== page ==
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Actually..pure water is a poor electrical conductor....it's the minerals and such that make it a possible hazard when around electricity. High school chem experiments taught me that.

As I said..not sure how boiler and water heater elements are constructed...but the current carrying conductor is probably completely insulated from the water...not just coated...AFAIK.

Glass...even quartz glass would not like the extreme heat of a halogen element on one side and cold water on the other. So no way they could be in direct contact.

As NJT said..radiant heat is how halogen bulbs work. Not the most efficient form of heat transfer.
 
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Old 05-09-12, 06:54 PM
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Ulrich, let's run a few numbers.

It takes 1 BTU to heat 1 pound of water 1 degree.

Your home let's say has a heat loss of 50,000 BTU/hour. (worst case, coldest day)

Let's guess that there's 25 gallons of water in your heating system.

Water weighs approximately 8 pounds per gallon.

The water from your boiler might need to be 180F to heat your home.

The man in the green house owns the Zebra. (paying attention? )

1 KILOwatt of electricity equals 3410 BTU.

Presume that we are heating 25 gallons of water ( 200 pounds ) from 70 to 180. That's a 110 temperature rise.

Therefore, to heat 200 pounds of water up 110, it would require 22000 BTU.

Dividing the 22K BTU by 3410 BTU/KW tells us that one would require an energy transfer of 6.5 (appx) KILOwatts.

Let's say that you are using what, 50W Halogens? 6500 divided by 50 is ONE HUNDRED AND THIRTY bulbs.

Ummmm... that's a little unreasonable, don't ya think?

And that's just to heat the water up ONE TIME. As the water circulates through the system and is giving off heat to the home, that water will need to be constantly RE-heated, right?

Further, if your home requires heat replacement of 50,000 BTU/hour then THAT is how many light bulbs you would really need. 50000 divided by 3410 is 14.5 KW. Even if you could use 1000 watt bulbs, you would still need 15 of them. That's enough to light a stage at a rock concert!

Repeating what has been said already, the RADIANT energy that is beamed at your body is NOT the same process as that which is required to transfer energy into circulating water. It's a completely different physical process.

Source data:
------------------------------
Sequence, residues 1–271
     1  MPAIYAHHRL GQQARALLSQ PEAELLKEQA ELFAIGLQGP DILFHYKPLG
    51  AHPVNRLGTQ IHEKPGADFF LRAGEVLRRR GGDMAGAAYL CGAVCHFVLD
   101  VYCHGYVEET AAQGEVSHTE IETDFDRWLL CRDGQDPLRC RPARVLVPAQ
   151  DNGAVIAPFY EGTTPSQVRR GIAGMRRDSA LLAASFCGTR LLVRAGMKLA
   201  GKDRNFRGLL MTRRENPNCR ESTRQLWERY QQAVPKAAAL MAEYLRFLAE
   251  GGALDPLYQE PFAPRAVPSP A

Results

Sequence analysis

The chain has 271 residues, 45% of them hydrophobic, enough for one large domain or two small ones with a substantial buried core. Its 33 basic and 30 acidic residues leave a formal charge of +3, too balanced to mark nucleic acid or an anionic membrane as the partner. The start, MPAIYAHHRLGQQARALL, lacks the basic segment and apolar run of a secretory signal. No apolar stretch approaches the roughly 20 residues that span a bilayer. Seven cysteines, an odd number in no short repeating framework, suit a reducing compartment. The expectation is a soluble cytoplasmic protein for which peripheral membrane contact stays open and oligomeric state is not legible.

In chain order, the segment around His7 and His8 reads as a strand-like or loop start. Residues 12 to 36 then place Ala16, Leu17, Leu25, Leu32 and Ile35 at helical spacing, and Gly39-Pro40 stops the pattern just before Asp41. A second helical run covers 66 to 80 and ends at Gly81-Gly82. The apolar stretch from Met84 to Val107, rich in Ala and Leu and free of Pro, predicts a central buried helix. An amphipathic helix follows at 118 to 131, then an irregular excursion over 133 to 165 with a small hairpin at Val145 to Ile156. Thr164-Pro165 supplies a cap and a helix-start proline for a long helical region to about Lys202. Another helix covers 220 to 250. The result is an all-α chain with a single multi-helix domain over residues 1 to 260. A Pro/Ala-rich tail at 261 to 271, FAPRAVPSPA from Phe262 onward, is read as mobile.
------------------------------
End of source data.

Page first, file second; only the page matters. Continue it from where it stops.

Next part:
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Old 05-09-12, 07:35 PM
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"Imagine you had a pipe with the water going through it. You could have the perfectly dry Halogen bulbs in rows surrounding the pipe. Or you could have a heat exchanger between the bulbs and the pipe. Wouldn't those ideas work ?"

Air being a pretty good insulator would make the heat transfer from the halogen tube to the water pipe. Have you ever seen what happens to a quartz halogen radiant tube when you splash a drop of water or two on it whilst it runs at full power ? It ain't pretty.

The real efficient way to use electricity to heat water is thru a heat pump, steal energy from the air or the ground and use electricity to move that energy into the water, not to just create the energy alone.
 
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Old 05-10-12, 05:06 AM
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The real efficient way to use electricity to heat water is thru a heat pump, steal energy from the air or the ground and use electricity to move that energy into the water, not to just create the energy alone.
Exactly. Ground source heat pumps are very efficient.

My brother has a stove that uses infrared to heat his pots. It is the most awful stove I have ever used. If you have shiny pots, forget it. It will take 30 minutes to boil water. God forbid the pot isn't covering the "light bulb" all the way because it will blind you.